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Finding Time for Yourself as a Caregiver

woman looking at watch

By time, indeed, mankind is in loss, except for those who have believed and done righteous deeds, and advised each other to truth and advised each other to patience. (Surah al-Asr)

We are doing a righteous deed alhamdulillah. Caring for our parents is one of the best deeds that we can perform in Islam, in addition to the obligatory acts. But caring for a loved one can be very time-consuming, as well as self-consuming.

As caregivers, our day is not ours alone. We are responsible for the needs of our loved one who may need constant assistance. This surah, alhamdulillah, is such a mercy when thinking about how many things we would like to get done in a day versus what actually gets accomplished.

Sometimes, even when we can get a moment for ourselves, there is so much that needs to be done that it can become overwhelming. Overwhelm leads to stress and anxiety, and for most people it can cause us to shut down. Caregiver fatigue is real and it's not always from running errands inside and outside of the home; sometimes, it's from all of the thoughts in our head...things that we need to get done, should get done, forgot to get done, want to get done, may not get done. Even when our feet stop, our brain doesn't.

So how can we take more control over our day, allowing us to give great care to our loved ones while also addressing our own needs? There are several steps that we can to take to accomplish this. Here are a few:

  1. Write one main goal that is important for you to achieve. What is it that you want to accomplish that is not getting done? Why is it important? How will it help your current situation and that of your loved one?

  2. Tally up how much time your tasks take each day. This can help you discover available time blocks insha Allah. Are there times where you can do something for yourself while your loved one is occupied elsewhere? For example, taking advantage of the time that your loved one is in the restroom, taking a nap, eating, reading, etc. It may not seem like much, but we can learn to become very efficient within these small blocks of time.

  3. Ask for help. Sometimes, as caregivers, this is such a hard thing to do. We are used to doing it all, and perhaps believe we are supposed to. This is far from the case! Who can you ask to share some time with your loved one so that you have space to work on your goals, get some things done, or just get some sleep? Is there a family member, friend, or even a neighbor who will visit with your loved one? Another option is respite care. There are facilities that will care for your loved one for a few hours, over a day, or several days so that you can take a break, travel, etc.

  4. Get your loved one involved. What are their hobbies? Who are the people they like to be around? Who can you suggest that they call and catch up with? What small tasks can they do on their own, for themselves or for you? My mom folds small items of clothing out of the dryer and she writes our grocery list. Alhamdulillah she feels useful and my mind is available to focus on something else that needs to be done.

  5. Set boundaries. Are you spending all day with your loved one, even when they don't need anything? Are you hanging around "just in case?" Or in the same room so much that they are upset or confused when you leave? Doing these things can set up a pattern of dependence and take away from the free time that you have to do other things. When care is not necessary, take care of your own needs. Schedule bonding time as opposed to giving it constantly. When my mom moved in with me, I was always with her. First, because she needed so much care; and second, because I was so happy to have her with me. The worry of her being in another state was gone, and I really enjoy her company. But I have things to do, so I had to set time boundaries and it worked out well alhamdulillah...eventually. First there was guilt. Now we both function better because she uses the time I'm away to read, make calls, etc.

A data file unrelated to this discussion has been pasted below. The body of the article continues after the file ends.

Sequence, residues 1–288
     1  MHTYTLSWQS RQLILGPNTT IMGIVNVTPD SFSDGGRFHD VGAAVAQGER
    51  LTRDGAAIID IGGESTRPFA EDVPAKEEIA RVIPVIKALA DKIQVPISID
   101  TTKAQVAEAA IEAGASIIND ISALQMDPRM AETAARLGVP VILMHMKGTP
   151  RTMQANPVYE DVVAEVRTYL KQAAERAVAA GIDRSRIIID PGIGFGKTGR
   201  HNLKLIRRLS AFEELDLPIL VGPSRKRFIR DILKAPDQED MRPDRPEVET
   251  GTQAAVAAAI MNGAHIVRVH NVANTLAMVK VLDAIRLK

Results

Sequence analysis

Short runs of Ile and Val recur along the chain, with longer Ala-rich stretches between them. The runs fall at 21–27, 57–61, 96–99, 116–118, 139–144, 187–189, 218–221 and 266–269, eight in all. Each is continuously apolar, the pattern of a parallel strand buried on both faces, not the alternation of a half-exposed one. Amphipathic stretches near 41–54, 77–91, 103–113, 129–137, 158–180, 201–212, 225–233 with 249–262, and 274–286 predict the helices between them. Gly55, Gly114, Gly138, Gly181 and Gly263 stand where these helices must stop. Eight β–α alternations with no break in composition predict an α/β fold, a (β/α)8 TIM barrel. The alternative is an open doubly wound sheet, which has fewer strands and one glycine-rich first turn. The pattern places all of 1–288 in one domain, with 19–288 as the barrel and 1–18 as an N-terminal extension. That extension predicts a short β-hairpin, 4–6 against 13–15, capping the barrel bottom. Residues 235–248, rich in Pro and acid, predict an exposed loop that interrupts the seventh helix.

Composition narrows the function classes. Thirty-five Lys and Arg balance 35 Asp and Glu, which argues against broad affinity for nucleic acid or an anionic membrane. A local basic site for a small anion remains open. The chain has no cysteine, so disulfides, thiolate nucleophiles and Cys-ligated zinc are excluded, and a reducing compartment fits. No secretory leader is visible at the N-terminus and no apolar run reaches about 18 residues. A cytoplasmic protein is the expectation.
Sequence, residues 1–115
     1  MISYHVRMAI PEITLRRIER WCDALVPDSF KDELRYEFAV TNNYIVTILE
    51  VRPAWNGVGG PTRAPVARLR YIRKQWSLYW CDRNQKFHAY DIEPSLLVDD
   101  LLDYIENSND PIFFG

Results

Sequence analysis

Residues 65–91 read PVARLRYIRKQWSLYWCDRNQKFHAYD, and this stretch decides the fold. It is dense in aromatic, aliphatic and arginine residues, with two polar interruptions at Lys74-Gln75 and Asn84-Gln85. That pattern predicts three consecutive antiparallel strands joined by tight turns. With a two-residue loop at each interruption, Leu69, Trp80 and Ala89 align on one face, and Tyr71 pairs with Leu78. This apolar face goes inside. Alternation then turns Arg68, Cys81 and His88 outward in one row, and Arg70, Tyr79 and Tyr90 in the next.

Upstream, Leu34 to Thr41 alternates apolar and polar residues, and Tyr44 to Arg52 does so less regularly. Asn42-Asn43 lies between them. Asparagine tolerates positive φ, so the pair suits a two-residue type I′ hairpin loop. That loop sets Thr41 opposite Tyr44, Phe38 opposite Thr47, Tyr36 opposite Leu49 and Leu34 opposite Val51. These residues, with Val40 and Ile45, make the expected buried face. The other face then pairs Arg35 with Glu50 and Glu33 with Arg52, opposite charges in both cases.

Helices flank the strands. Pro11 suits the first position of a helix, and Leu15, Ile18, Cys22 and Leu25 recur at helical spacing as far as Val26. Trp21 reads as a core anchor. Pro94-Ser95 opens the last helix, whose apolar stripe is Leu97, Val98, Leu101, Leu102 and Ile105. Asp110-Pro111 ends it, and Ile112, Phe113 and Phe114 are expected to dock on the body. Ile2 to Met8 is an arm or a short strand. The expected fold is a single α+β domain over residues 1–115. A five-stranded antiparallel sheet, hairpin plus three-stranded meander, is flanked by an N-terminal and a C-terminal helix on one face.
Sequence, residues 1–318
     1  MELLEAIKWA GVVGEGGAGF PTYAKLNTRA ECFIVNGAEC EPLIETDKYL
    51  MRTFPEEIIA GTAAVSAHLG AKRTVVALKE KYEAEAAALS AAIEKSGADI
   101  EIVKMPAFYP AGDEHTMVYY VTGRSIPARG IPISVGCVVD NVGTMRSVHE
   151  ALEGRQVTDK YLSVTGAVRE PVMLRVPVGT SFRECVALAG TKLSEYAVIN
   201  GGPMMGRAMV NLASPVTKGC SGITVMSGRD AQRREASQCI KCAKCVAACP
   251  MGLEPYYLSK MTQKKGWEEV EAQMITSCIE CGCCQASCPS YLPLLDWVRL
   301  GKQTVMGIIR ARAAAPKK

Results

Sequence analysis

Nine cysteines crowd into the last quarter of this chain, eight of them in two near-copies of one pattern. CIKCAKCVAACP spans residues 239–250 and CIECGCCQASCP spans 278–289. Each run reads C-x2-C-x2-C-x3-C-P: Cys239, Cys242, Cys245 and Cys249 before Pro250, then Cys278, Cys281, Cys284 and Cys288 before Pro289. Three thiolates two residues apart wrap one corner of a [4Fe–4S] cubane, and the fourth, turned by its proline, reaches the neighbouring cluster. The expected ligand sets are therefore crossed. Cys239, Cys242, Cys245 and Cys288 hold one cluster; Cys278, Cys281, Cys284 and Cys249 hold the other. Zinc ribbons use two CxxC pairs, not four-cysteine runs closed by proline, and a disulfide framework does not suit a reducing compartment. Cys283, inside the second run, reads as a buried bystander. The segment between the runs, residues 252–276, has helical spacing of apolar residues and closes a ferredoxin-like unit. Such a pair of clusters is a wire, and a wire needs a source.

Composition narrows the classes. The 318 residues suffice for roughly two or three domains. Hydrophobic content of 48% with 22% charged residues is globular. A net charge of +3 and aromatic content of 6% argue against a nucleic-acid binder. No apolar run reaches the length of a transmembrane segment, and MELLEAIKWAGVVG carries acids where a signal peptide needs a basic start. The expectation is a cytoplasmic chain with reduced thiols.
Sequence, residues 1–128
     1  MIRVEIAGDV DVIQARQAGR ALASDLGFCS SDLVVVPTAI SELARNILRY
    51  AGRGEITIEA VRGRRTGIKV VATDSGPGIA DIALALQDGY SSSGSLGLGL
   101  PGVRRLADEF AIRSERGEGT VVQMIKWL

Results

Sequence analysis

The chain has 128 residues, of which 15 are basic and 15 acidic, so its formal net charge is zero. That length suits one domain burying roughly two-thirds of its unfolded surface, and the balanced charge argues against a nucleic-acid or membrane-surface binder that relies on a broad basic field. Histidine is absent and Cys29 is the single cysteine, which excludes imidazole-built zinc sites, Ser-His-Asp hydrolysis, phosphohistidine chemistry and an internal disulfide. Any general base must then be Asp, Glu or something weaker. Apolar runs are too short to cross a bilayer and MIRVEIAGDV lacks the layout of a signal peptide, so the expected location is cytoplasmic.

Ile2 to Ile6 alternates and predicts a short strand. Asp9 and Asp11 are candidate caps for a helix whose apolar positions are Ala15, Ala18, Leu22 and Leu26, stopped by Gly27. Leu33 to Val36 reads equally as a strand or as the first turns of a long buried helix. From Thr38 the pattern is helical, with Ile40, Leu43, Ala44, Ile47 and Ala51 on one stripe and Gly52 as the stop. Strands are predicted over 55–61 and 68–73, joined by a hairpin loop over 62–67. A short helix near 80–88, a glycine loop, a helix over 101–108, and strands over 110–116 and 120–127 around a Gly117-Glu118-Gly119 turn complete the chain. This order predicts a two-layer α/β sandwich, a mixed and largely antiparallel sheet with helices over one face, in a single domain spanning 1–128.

6. Be patient. Caring for our loved ones is one of the best good deeds that we can perform alhamdulillah. And caregiving is a constantly evolving process based upon changes to your experience and knowledge, as well as the needs of your loved one. It's a journey, a relationship that tests us in many ways and helps us to achieve self-growth in ways that we never thought possible. We will discuss this is our next blog post bi'ithnillah.

We are all in the right place at the right time. We are just where our Lord azza wa jal placed us alhamdulillah. Previously, we spoke about perspective, and the blessing of having a positive outlook on caregiving. I was accused of "spiritual bypassing." (More on that in another post.) But what she meant was that she believes I'm using my "spirituality" to avoid facing unresolved issues. And this is far from the case.

My goal with this blog is to create healthy and whole caregivers who see and experience the beauty of the huge task we have taken on, because it is only by approaching caregiving from this perspective that we can make this process a success for us and our loved one. There are enough places online where you can gripe, rant, accuse, resent, rage, and have all of that accepted and acknowledged. Here, we will acknowledge the good, what can be improved up, and take steps toward success...together bi'ithnillah.

Please share our blog with anyone you believe could benefit from it. Comment, ask questions, let me know what you want to see addressed here.

Thanks for reading!

Razanah 🌹

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